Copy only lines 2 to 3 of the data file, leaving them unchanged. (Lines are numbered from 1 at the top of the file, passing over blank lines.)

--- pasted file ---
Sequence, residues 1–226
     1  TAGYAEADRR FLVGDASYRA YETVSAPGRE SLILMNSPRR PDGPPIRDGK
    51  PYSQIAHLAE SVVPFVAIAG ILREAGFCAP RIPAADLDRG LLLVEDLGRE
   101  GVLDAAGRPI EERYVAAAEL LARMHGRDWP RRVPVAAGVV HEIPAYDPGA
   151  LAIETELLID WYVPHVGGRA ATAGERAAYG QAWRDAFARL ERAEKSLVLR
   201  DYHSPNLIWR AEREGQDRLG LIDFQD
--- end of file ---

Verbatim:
     1  TAGYAEADRR FLVGDASYRA YETVSAPGRE SLILMNSPRR PDGPPIRDGK
    51  PYSQIAHLAE SVVPFVAIAG ILREAGFCAP RIPAADLDRG LLLVEDLGRE